Budget Battles 2: Stormont debates tax-varying powers

There was a very interesting debate yesterday in Stormont over whether the Assembly should seek tax-varying powers.

A motion in favour was proposed by Sinn Fein’s Jennifer McCann:

It should be noted that the debate is not solely about income tax. The
Assembly must cast the net wider than that. It must be bold in its
approach and consider such incentives as targeted tax reliefs for rural
businesses, the manufacturing sector and small and medium enterprises
(SMEs). Many hold the view that tax-varying powers could also help to
offset investment problems that are created by industrial derating.
Initiatives such as plastic-bag tax or other green levies could be
considered, some of which — the plastic-bag tax, in particular — have
been successful in the South. The Assembly could also examine taxes on
inheritance, real estate, gambling and vehicles.

The DUP’s Peter Weir made it clear that his party was opposed to such powers, although in favour of a corporation tax cut:

The Department of
Finance and Personnel and its Committee have done a great deal of
detailed work in making a case for a specific cut in corporation tax.
We should stay focused on the tax relief or tax credits that may result
from a cut in corporation tax. If we widen the debate to take in the
nonsense of a wider tax variation, we will lose focus. We will lose the
opportunity to make that strong case for a reduction in corporation
tax. I oppose the motion.

Dr Stephen Farry took the opposite view of the corporation tax issue, in what I thought was one of the stronger contributions:

Some Members have already mentioned corporation tax. If there is to be
a reduction in corporation tax in Northern Ireland, we will have to
have tax-varying powers; that is the way in which the Treasury would
envisage that happening…

…British Government policy may nominally be committed to regional
convergence, but it is clear that successive British Governments have
prioritised London and the south-east of England as the main driver of
the overall UK economy. That area is viewed as something to be
protected at all costs, and it seems that the Government are happier to
keep the regions of the UK financially dependent, rather than give them
the powers to make a real difference and to make their economies and
their financial situations sustainable. Therefore, the real challenge
of the Assembly is to stand up to that and demand the powers to make a
real change.

The SDLP’s Declan O’Loan supported the motion in principle, although he raised some questions about the timing:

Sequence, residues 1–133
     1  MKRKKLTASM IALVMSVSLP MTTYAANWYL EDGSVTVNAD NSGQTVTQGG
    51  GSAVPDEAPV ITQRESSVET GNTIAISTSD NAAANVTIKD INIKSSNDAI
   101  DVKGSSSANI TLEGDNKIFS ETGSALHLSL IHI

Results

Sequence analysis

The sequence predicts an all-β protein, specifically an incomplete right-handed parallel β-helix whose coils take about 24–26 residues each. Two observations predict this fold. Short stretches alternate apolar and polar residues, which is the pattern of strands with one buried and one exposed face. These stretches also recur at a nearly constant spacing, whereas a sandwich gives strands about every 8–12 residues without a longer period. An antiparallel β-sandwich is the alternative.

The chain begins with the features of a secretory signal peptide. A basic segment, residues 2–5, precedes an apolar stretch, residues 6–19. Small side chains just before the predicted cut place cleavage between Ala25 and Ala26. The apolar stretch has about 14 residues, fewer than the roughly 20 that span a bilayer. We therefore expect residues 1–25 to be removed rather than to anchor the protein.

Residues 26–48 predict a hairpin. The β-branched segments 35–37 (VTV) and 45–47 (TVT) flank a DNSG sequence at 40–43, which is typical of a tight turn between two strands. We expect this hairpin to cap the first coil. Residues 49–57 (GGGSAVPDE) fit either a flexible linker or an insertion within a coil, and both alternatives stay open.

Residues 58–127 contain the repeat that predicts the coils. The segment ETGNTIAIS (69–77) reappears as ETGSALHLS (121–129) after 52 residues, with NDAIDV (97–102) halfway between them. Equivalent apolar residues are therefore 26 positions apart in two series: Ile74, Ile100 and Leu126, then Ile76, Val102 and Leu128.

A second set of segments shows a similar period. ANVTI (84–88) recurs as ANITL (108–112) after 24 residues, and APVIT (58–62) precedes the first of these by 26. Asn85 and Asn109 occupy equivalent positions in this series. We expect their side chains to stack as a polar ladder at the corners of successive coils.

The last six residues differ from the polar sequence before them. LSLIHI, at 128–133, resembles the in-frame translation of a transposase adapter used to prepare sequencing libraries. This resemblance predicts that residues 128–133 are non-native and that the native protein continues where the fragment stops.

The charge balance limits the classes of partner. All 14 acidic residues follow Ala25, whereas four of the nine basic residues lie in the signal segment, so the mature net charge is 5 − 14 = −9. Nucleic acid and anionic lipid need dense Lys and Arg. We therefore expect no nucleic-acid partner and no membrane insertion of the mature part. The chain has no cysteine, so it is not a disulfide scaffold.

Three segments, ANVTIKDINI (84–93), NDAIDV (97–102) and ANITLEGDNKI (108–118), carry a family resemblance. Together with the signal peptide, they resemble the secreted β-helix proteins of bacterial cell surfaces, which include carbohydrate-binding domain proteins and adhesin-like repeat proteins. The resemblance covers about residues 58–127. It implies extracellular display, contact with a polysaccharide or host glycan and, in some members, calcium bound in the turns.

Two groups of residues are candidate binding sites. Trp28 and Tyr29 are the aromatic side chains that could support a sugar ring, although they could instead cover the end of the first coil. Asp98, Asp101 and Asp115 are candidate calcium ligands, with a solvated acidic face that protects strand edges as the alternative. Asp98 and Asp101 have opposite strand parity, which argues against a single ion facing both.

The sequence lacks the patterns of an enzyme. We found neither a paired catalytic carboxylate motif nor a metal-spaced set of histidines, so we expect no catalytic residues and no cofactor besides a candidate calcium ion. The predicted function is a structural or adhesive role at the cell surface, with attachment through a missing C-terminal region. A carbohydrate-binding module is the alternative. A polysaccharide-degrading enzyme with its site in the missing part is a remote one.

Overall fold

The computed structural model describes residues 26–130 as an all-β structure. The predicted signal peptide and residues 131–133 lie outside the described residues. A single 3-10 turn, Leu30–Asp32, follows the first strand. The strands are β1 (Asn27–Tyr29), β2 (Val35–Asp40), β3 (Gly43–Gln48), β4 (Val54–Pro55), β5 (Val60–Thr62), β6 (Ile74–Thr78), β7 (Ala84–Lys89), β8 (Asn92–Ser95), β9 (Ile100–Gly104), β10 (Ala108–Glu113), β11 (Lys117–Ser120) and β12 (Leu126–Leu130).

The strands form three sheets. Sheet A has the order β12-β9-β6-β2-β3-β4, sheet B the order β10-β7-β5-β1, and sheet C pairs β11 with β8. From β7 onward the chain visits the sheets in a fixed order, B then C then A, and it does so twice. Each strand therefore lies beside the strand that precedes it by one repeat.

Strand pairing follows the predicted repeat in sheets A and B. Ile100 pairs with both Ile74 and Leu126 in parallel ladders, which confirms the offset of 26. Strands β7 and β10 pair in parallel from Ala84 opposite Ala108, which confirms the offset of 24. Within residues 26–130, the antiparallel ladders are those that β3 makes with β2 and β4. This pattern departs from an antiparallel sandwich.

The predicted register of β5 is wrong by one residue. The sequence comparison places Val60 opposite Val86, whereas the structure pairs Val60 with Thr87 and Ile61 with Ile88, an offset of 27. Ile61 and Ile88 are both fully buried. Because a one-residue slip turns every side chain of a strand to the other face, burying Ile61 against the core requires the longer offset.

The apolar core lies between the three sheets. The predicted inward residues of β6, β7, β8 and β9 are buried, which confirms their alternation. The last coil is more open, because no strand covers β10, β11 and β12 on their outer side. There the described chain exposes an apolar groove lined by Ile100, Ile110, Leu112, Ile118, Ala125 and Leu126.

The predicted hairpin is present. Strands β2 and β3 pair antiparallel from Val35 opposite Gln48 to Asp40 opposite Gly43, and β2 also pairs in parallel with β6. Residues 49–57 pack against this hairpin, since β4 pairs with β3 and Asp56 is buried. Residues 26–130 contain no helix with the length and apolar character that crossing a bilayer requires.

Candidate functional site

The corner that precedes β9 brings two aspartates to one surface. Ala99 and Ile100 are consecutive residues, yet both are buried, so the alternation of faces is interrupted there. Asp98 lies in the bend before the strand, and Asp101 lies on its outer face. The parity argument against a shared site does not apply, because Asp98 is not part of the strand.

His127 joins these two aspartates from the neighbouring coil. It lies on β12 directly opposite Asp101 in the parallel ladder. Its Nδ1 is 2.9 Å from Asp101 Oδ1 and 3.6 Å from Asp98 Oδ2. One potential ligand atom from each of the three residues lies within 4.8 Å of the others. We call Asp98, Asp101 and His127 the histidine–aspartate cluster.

Without greater fiscal flexibility, we are
limited in the steps that we can take to address difficulties such as
the poor state of our infrastructure or the fact that our gross value
added (GVA) remains 20% below the UK average. Sharing this island, as
we do, with a successful economy and distinct tax regime clearly adds
urgency to those issues that affect our competitiveness as a region. In
recognition of such challenges, my party has for several years been
calling for greater fiscal discretion for the Assembly. Moreover, SDLP
leader, Mark Durkan, played a central role in negotiating the low-cost
borrowing facility of the reinvestment and reform initiative (RRI), to
which I will return.

To put this
debate in context, the present finance agenda is loaded quite heavily.
With ongoing consider­ation of the rates system, the independent review
of water and sewerage, the comprehensive spending review, the Varney
Review and a slowdown in public sector spending, this debate may be
important, but securing additional powers may not be the most pressing
item on the agenda.

Roy Beggs opposed the motion on behalf of the UUP:

We need to create more business opportunities and more real work
opportunities for everyone so that we can survive the long-term changes
that are occurring as the Barnett formula starts to converge the
current expenditure levels in different regions in the United Kingdom.
We must ensure that, whatever we do, we encourage real jobs in the
private sector. We must not do anything that will threaten those jobs.
New taxes will not create new sustainable jobs.

DUP Finance Minister Peter Robinson also opposed the motion, although his stance was maybe slightly more nuanced than some of the other unionist speakers:

We are operating within a complex public expenditure framework, and
unfavourable consequences are often associated with what might seem a
simplistic policy action. As well as my concerns about the principle
behind tax-varying powers, I do not believe that the timing is right.
It is prudent to await the outcome of certain exercises, such as the
rating review, before considering a motion as complex as this.

It seems that while there’s general support for a corporation tax cut in the North, there’s no agreement about what that would require in terms of wider fiscal powers. Perhaps, the Varney Review will make things clearer. No doubt, the parallel debate in Scotland will also have an impact.







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